FOR THE DAILY SOUTHERNER
Dr. Jon Wiggs
The history of the Battle family in Edgecombe County precedes their ownership of the cotton mill at the falls when Nash County stopped at the west side of Tar River, and their legacy resounds in the history of Tarboro.
One such namesake was James S. Battle, an Edgecombe planter and cotton manufacturer who served as president of the Chatham Railroad during the Civil War.
He had a daughter named Martha Ann. She married a distant cousin named Kemp Plummer Battle who served as president of the University of North Carolina from 1876 to 1891.
Kemp P. and Martha Ann, also known as "Pattie," had a grandson named Kemp Davis Battle, a graduate of UNC in 1909 who went on to law school and then founded a firm that celebrates its 100th anniversary in Rocky Mount on Thursday, October 13.
The firm's co-founder was Frances E. Winslow, the son of a Hertford horse dealer. Battle and Winslow met as freshmen at Chapel Hill and graduated with Frank Porter Graham at the top of their class.
Winslow was valedictorian. He edged out Graham, who was to become the first president of the Consolidated University system in 1930, by just a few points. Battle ranked third.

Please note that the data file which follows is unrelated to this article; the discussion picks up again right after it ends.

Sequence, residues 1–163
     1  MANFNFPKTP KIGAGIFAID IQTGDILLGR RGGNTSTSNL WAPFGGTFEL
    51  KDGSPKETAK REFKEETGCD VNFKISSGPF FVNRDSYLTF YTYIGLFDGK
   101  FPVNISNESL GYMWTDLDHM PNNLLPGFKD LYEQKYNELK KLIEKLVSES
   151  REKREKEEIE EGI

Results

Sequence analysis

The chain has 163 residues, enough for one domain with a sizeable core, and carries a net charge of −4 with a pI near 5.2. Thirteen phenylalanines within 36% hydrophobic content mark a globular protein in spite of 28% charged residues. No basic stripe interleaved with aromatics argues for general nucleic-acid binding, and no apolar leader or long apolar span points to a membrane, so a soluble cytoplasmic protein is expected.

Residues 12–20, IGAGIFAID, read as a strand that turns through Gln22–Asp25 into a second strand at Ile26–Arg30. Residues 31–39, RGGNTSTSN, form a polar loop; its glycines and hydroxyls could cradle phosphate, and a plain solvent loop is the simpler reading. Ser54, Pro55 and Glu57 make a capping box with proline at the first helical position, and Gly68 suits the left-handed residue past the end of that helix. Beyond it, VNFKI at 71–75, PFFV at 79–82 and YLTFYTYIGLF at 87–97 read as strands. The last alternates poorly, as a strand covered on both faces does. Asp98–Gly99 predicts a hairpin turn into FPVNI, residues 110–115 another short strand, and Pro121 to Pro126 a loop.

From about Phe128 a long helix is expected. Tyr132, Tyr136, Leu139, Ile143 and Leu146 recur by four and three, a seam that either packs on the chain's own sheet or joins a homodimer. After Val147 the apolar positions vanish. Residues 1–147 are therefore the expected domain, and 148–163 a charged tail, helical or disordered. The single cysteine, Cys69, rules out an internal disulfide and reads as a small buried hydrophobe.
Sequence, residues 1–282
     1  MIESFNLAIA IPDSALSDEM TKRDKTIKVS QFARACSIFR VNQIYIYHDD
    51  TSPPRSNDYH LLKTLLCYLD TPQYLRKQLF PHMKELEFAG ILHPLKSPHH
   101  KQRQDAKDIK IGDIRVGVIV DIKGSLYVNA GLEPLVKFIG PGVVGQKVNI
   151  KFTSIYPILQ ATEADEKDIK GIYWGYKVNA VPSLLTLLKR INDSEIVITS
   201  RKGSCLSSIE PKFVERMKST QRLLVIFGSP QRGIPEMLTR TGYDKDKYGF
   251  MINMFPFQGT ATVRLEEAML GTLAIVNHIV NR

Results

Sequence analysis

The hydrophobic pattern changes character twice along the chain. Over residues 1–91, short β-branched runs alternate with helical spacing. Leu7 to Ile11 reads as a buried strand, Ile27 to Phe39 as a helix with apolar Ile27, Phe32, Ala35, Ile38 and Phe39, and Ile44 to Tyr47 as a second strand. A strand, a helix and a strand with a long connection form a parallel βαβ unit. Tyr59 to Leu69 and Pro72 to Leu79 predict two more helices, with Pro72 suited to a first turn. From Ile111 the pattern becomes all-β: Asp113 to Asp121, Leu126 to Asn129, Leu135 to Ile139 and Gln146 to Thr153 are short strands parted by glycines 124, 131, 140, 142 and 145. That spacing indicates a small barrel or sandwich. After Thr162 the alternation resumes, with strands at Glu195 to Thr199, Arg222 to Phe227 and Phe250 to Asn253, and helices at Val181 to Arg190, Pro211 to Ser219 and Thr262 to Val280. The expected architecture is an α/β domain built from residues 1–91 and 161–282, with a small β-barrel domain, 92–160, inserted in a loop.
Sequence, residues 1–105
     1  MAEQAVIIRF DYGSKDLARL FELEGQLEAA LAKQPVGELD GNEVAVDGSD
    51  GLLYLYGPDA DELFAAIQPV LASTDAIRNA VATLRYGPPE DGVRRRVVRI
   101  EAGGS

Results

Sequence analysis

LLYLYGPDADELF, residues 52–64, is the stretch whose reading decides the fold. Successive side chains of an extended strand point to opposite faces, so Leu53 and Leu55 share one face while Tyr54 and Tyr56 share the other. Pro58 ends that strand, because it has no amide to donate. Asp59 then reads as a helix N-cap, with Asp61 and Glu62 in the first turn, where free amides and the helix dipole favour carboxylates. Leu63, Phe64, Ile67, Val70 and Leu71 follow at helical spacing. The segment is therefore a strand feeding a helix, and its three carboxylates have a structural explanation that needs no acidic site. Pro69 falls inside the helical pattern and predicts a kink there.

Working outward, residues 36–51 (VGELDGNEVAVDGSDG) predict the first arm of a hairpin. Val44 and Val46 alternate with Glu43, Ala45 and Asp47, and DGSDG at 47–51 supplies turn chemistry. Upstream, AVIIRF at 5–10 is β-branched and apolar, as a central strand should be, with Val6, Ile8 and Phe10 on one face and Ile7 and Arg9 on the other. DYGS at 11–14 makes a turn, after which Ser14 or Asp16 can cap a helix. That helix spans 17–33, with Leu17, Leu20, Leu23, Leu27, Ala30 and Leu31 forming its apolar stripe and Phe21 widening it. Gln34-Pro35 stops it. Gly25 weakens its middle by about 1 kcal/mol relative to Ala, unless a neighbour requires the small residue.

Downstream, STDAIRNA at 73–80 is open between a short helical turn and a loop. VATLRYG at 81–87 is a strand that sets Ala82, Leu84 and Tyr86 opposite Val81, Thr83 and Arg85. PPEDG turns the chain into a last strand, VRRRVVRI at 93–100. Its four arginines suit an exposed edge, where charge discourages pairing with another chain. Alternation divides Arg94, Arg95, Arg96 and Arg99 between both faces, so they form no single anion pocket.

During their first year in UNC Law School the three friends shared accommodations in the home of Graham's grandfather, Edward Kidder Graham, who later served as UNC president, 1913 to 1918.
It was there that the chemistry of complementary personalities and mutual respect for intellect brought together three young men who bonded for a lifelong friendship.
Battle-Winslow Law Firm
Winslow and Battle, both born in 1888, remained together as partners in Battle-Winslow for 62 years until Battle's death in 1973, longer than any other two lawyers in the state. Winslow died in 1976.
Both men served as presidents of the North Carolina Bar Association, Battle in 1932-33 and Winslow in 1937-38.
The firm, now known as Battle, Winslow, Scott and Wiley, P.A., is celebrating its centennial as one of the oldest in the state. J. Bryan Scott became the first president when it became a professional association in 1970, and is still "of counsel" with the firm. Robert M. Wiley.
The BWSW firm is now led by Marshall A. Gallop, Jr., and maintains a legal team of 16 attorneys with offices in Rocky Mount and Raleigh. The co-founders and 200 guests will be honored at a gala on October 13 in Benvenue Country Club.